At the beginning of 2020, Lidl and Plastinet Flexibles began a project in Belgium. They wanted to see how they could reduce plastic waste in the store's fruit and vegetable section. Potato products' packaging was the first to be put under the microscope.
Along with their manufacturer, Plastinet Flexibles developed a high-quality plastic film. They were able to reduce its thickness significantly. This resulted in a 30 micron-think film for 2,5 kg potato bags and 35 microns for 5kg bags. That's a reduction of 55% and 22% respectively. These new bags have been in all Belgian Lidl shops since the mid-2020. That will save 51 tons of plastic waste annually, just for these two products.
These films can run on unmodified machines. Packaging speeds remain the same or may even increase. The film is very transparent, has high-quality printing, and seals perfectly. This LDPE film is a mono-film, which makes it extremely recyclable. Moreover, it's made from 50% recycled PE.
These efforts are part of Lidl's broader strategy. They want to drastically reduce their plastic consumption. In 2018, this retail chain store announced that it intends to use at least 20% less plastic by 2025. Lidl is aiming for its private labels' plastic packaging to be maximally recyclable by then too. These account for 90% of their entire product range. With this target, Lidl is five years ahead of the European Commission's plastics strategy. This strategy aims to make all plastic packaging in Europe recyclable by 2030, at the latest.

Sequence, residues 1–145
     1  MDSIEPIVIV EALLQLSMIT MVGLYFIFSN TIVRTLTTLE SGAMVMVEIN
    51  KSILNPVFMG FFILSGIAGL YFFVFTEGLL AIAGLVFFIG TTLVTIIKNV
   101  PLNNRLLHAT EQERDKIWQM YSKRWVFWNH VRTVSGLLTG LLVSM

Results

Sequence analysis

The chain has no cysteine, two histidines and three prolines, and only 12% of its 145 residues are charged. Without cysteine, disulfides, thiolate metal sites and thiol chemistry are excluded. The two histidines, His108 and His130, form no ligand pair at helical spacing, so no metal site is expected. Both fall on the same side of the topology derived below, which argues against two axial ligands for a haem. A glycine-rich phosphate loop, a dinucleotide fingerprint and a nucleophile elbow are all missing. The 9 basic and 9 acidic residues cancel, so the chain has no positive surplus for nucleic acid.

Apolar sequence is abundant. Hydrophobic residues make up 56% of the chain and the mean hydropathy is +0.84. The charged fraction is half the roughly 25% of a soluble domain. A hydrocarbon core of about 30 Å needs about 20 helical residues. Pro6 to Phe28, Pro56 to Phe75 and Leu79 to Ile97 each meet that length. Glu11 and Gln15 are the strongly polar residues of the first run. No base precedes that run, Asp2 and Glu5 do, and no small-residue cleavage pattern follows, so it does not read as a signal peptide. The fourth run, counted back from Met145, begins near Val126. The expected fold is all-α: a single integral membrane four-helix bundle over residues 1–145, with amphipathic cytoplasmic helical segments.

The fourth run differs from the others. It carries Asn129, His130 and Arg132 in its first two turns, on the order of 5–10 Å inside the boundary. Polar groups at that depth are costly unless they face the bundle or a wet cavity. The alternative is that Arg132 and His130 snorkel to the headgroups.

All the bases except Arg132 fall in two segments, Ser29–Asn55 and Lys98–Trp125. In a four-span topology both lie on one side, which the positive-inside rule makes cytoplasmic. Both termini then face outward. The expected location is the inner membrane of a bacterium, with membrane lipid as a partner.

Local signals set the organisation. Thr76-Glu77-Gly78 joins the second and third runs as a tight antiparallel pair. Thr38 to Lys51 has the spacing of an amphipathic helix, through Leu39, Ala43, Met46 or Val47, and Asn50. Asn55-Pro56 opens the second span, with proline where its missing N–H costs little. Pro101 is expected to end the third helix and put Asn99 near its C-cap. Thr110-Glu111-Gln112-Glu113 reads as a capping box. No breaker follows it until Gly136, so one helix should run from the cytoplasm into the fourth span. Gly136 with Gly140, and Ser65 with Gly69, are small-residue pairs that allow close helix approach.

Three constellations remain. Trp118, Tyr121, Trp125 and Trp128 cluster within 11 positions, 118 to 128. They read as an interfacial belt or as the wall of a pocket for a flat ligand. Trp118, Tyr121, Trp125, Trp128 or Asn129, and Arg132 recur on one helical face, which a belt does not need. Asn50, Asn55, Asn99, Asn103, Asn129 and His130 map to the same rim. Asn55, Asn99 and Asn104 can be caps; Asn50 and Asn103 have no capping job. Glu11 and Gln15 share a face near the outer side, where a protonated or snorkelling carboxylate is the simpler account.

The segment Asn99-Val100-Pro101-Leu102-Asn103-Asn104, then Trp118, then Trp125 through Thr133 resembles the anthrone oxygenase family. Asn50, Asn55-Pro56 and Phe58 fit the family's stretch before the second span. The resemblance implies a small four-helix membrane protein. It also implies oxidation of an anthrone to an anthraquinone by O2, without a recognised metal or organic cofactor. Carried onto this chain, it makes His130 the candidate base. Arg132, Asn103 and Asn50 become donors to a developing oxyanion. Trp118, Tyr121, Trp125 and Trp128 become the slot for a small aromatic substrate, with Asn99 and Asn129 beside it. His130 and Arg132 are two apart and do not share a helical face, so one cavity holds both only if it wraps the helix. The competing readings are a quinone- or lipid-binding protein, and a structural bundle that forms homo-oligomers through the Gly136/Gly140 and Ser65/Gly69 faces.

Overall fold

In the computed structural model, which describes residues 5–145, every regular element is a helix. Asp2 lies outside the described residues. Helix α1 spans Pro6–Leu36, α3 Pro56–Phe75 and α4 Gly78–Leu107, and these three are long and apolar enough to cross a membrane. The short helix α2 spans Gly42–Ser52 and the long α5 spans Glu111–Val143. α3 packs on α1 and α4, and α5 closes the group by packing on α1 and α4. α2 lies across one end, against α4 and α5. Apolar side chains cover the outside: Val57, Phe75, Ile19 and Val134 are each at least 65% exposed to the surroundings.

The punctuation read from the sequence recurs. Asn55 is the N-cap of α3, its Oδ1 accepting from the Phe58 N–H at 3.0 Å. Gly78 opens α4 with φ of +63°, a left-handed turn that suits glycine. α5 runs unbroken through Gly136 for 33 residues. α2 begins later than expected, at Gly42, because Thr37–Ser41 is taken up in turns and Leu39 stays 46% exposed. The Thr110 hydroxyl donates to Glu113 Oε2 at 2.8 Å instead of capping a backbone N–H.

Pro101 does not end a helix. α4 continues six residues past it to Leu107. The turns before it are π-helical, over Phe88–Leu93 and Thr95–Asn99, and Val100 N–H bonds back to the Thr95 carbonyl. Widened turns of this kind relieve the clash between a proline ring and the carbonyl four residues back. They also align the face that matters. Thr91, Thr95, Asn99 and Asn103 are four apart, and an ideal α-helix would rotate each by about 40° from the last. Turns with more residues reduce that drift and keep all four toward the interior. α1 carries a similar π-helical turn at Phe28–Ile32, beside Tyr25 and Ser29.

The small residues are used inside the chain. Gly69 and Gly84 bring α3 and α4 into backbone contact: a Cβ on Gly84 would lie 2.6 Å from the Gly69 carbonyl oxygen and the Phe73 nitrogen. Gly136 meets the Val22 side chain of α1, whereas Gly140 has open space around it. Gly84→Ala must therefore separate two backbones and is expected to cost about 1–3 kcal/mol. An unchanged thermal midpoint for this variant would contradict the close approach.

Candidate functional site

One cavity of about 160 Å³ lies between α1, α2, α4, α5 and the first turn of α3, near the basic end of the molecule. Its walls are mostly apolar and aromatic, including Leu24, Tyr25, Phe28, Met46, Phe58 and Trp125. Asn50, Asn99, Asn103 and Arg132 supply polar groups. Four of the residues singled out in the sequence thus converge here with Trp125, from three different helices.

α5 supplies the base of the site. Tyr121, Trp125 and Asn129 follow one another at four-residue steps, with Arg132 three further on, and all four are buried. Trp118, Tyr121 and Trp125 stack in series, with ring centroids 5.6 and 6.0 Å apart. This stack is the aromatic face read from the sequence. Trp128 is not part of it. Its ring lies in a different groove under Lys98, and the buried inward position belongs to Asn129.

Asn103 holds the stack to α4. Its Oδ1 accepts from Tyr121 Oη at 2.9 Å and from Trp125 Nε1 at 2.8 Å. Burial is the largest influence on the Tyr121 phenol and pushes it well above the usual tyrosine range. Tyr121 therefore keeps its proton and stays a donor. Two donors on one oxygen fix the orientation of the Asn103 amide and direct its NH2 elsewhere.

Plastinet Flexibles specializes in BOPP films for horizontal and vertical processing. They also supply products like laminate film, rolls of bags, and corner slats. Plastinet Flexibles not only has conventional materials. The company also offers compostable films made from renewable raw materials (e.g., "I am Green," made from sugar cane, and film made from starch).